3 Things You Need to Know About Interior Secretary Ryan Zinke

By Yessenia Funes Mar 02, 2017

The Senate confirmed former congressman Ryan Zinke as Interior secretary yesterday (March 1) morning with a 68-31 vote. He’ll now be responsible for U.S. public lands, Indian affairs, national parks and energy development, including permits for offshore wind.

What does his appointment mean for those sectors?

The now-secretary served in the Navy SEALs* for 23 years and headed to Congress in 2008—first as a Montana senator, then to the House in 2014. His track record shows what we may expect in his new position in the Trump administration.  

He believes in man-made climate change.
Senator Bernie Sanders posed a straightforward question to Zinke during his confirmation hearing before the Senate Energy and Natural Resources Committee on January 17: Is climate change is a hoax, as the president has stated on Twitter? Zinke answered no, which many heard as reassuring given that a lot of the current administration is critical of climate change and of whether humans have caused it.

“Climate is changing,” Zinke said. “Man has influence. I think where there’s debate on it is what that influence is and what can we do about it.”

He is not interested in curbing fossil fuel development.
While Zinke did say that he would support wind and solar, he emphasized the importance of the “economy and jobs,” going on to say that he’s about “all-the-above energy.”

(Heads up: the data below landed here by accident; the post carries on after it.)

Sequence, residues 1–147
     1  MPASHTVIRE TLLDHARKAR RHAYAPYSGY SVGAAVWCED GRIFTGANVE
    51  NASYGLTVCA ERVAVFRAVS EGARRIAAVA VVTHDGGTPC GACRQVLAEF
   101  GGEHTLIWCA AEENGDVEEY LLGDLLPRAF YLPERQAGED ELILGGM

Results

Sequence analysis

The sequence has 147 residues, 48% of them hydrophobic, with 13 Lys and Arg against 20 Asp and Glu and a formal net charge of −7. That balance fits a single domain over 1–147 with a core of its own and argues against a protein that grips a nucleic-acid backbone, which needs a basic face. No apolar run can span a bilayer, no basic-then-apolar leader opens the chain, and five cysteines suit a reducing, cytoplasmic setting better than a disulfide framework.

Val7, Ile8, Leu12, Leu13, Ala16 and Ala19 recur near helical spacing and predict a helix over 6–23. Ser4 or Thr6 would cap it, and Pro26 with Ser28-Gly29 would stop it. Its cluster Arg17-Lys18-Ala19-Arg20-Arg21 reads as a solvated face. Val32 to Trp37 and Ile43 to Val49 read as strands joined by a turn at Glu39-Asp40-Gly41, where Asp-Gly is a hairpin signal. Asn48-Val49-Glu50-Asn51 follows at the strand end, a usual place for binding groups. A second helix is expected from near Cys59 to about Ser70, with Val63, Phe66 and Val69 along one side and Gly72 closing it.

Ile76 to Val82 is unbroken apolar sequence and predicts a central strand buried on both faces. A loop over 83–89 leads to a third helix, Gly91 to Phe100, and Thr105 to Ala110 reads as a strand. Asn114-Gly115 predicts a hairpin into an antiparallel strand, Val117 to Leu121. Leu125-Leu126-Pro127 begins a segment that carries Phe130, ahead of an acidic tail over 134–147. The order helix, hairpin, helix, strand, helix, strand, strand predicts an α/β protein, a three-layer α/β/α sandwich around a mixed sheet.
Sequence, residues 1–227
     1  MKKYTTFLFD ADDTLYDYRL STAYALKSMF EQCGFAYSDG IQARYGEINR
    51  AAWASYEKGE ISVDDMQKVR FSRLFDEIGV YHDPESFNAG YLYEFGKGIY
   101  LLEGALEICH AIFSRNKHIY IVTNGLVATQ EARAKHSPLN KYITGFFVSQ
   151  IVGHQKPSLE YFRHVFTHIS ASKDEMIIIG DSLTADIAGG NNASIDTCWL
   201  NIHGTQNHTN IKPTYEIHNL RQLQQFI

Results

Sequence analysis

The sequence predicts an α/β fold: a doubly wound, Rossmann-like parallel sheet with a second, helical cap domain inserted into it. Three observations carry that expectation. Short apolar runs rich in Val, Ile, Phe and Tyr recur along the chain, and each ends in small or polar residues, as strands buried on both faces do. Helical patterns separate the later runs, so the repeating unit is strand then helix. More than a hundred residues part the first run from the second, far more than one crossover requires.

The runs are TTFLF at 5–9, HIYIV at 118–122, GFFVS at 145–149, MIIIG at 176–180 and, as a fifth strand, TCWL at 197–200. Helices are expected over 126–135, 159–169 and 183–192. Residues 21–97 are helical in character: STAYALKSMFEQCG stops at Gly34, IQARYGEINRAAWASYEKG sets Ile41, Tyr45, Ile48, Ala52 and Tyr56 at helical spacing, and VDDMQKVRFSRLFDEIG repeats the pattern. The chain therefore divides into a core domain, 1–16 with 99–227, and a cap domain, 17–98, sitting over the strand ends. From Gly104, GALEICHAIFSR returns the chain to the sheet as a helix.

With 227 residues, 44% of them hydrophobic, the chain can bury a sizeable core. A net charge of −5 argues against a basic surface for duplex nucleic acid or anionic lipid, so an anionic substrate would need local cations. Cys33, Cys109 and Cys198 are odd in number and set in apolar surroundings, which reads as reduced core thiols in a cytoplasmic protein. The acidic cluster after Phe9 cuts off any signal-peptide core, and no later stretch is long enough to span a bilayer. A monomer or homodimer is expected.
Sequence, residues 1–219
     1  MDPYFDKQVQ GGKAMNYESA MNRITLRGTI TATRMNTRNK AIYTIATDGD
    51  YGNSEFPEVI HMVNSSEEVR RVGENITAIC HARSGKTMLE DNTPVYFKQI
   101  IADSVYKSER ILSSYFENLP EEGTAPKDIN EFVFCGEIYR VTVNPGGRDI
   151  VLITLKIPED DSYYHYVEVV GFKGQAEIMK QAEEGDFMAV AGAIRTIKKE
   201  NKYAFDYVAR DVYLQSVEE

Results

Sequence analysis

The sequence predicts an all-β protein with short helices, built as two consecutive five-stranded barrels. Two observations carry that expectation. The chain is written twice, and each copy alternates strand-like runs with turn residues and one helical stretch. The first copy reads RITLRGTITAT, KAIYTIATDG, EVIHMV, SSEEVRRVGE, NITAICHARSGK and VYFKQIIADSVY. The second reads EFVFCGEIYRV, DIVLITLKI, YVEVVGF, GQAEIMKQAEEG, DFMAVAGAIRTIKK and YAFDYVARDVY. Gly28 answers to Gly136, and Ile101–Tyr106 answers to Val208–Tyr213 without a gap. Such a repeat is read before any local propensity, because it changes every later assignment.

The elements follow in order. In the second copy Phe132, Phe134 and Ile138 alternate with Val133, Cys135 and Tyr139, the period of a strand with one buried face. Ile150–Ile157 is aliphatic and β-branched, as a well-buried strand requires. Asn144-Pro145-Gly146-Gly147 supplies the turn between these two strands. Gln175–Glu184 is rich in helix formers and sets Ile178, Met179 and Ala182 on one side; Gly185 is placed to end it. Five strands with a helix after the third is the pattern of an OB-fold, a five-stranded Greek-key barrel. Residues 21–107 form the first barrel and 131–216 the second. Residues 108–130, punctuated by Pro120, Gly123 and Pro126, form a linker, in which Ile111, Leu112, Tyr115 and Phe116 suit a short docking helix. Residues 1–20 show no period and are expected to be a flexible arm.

During his time in Montana, the then-congressman supported the coal industry and even voiced opposition to the Lummi Nation’s win in shutting down the Gateway Pacific Terminal in Washington state in May 2016. Now, some speculate that as secretary, Zinke could revive the $600 million facility.

Partial reason for his opposition stemmed from his relationship with Montana’s Crow tribe, which would have used the terminal to export its coal.

“The Crow need and deserve for this project to go through; and frankly, there’s no reason it shouldn’t have been approved in a timely, transparent and fair manner,” Zinke wrote in a statement. “While I’m disappointed to see the project further delayed, I support the Crow and their partners doing what will best ensure fair treatment and lead to completion of the project.”

He has seemingly aligned himself with Native peoples.
This is clear in his alliance with the Crow tribe, but there are other examples. Native columnist Clara Caufield wrote for Native Sun News Today in January applauding Zinke’s work with the Crow tribe in Montana.

She goes on to write:

Long story short, as a Congressman, Zinke became personally acquainted with the Tribes and tribal issues in Montana and thus is already a step ahead of the game, especially for many matters affecting Tribes in the Great Plains region. Of course, we may not find ourselves agreeing with every policy or decision of this Administration, but at least with Zinke, we should have access, not having to start from scratch when discussing our issues and needs.

Zinke was also clear during his confirmation hearing that he believes in sovereignty for Native peoples: “Sovereignty should mean something. When we say a Nation is sovereign, it should have weight.”

He touched on the lack of healthcare in Indian country and said he will address that issue as secretary. Still, his track record for tribes nationwide, especially those who are opposed to fossil fuel development, remains to be seen. 


This post has been updated to correct that Zinke wasn’t a commander for 23 years, but he did serve in the Navy SEALS for 23 years.